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The Lemonade Factor: Is Kindness Contagious?
Dan Tomasulo, Phd
“In the midst of winter, I found there was, within me, an invincible summer.” Camus
It had begun snowing and I stopped in the food store to get some provisions. On the checkout lane three people ahead was an elderly woman who rolled her cart away from the register without paying. She wasn’t making a getaway, just finding her way out the door. The cashier called for her supervisor and the manager came and took off after the guilty party. When she caught up with her, the woman seemed slightly dazed and confused, but insisted that she wouldn’t have left without paying. The incident began to escalate when another woman pushing her full cart out the door stopped, opened her wallet, and handed the manager a credit card.
“Please charge her bill to this,’ she said.
A man carrying a single bag stopped and offered to split the cost. Another man offered to help with her bags.
The manager apologized to the elderly woman saying it was the stores’ fault and she was sorry for any inconvenience. She thanked the people who’d offered to help, and said she’d take care of it. She then asked if they would help her get outside. The whole event took less than two minutes.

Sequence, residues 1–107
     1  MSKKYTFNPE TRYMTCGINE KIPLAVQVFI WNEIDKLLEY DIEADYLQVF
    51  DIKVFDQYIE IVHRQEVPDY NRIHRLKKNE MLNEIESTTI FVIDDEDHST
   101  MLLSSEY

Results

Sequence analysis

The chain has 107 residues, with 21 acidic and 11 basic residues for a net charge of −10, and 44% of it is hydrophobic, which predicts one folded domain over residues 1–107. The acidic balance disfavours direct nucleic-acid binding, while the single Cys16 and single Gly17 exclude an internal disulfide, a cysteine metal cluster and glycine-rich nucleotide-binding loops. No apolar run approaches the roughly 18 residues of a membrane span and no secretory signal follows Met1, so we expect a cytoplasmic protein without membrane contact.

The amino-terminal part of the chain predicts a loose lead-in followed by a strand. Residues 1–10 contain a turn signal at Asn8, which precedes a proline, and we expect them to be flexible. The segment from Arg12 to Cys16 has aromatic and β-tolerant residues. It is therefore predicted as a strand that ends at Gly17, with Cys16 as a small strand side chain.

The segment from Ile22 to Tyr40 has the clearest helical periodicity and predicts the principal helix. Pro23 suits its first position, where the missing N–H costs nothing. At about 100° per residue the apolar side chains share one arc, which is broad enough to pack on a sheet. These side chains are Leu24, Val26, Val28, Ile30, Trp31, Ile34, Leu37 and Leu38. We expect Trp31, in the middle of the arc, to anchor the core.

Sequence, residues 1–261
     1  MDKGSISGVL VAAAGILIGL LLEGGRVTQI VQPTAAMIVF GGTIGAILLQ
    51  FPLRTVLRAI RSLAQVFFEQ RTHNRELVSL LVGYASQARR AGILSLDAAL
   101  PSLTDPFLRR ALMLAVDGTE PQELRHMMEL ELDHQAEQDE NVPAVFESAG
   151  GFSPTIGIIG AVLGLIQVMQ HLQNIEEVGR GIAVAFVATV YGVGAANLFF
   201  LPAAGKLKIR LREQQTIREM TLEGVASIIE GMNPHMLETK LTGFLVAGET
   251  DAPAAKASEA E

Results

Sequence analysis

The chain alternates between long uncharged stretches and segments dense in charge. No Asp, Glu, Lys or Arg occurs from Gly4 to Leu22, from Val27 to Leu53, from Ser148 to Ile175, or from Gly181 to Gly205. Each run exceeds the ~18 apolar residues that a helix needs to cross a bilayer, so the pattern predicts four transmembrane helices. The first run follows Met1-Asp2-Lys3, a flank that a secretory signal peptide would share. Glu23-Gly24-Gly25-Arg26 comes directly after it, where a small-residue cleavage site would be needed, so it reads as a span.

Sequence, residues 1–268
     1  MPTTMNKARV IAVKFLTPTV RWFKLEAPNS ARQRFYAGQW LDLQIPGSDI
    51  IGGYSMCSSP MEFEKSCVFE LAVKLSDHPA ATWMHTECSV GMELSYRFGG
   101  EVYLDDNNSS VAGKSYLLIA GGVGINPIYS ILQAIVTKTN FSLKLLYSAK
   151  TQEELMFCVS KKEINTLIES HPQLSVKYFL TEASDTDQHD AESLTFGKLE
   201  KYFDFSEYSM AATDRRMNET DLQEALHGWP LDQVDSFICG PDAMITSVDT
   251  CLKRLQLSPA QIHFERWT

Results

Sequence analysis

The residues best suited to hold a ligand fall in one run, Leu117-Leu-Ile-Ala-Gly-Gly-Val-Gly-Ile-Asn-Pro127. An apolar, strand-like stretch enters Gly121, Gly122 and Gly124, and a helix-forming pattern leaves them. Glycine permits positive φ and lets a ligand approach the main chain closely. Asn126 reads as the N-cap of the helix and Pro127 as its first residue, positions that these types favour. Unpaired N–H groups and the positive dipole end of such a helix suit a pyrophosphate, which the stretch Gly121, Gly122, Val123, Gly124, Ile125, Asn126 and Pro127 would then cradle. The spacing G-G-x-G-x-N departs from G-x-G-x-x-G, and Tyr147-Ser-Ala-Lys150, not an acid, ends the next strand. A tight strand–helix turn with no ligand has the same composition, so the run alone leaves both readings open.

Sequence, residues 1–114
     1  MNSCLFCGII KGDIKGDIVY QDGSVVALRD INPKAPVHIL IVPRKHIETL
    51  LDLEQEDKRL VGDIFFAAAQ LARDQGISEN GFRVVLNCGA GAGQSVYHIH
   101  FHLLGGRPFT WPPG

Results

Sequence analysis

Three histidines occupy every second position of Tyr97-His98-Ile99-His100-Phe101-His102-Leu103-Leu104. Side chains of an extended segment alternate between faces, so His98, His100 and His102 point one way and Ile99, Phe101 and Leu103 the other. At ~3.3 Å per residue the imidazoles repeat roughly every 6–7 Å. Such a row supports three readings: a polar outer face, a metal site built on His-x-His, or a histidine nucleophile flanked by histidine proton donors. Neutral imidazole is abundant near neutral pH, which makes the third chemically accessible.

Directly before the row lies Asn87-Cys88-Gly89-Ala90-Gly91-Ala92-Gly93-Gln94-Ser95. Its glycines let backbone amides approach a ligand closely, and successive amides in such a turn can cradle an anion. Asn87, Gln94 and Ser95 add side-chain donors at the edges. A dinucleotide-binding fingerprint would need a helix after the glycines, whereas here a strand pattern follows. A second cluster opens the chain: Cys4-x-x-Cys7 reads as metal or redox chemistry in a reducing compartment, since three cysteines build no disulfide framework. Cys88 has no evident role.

Why do strangers help one another? Why do we give our time and money to an unfamiliar person? According to some leading researchers, it is in our genes. Spontaneous kindness, generosity, good will, compassion, and gratitude all converge effortlessly. Altruism, it seems, is woven into our DNA.
It is survival of the kindest, which has the greatest value for the survival of the species. Self-interest has value at one level, yet kindness activates something known as “elevation.” It means that, just like watching someone behave badly turns us off, we get turned on, or elevated, by watching acts of kindness, or true character. Doing, watching, or hearing about good deeds activates the vagus nerve, which runs throughout our body connecting, among other things, our heart and brain. When activated it produces oxytocin, a hormone that evokes in us empathy, including the desire to be better, kinder, people.
The evolutionary psychologists would argue that this might have been a not-so random act of kindness: We are born to be kind. It’s in our genes.
Dan holds a PhD in psychology, an MFA in writing, and a Masters of Applied Positive Psychology from the University of Pennsylvania. For more information visit his website Dare2BeHappy.com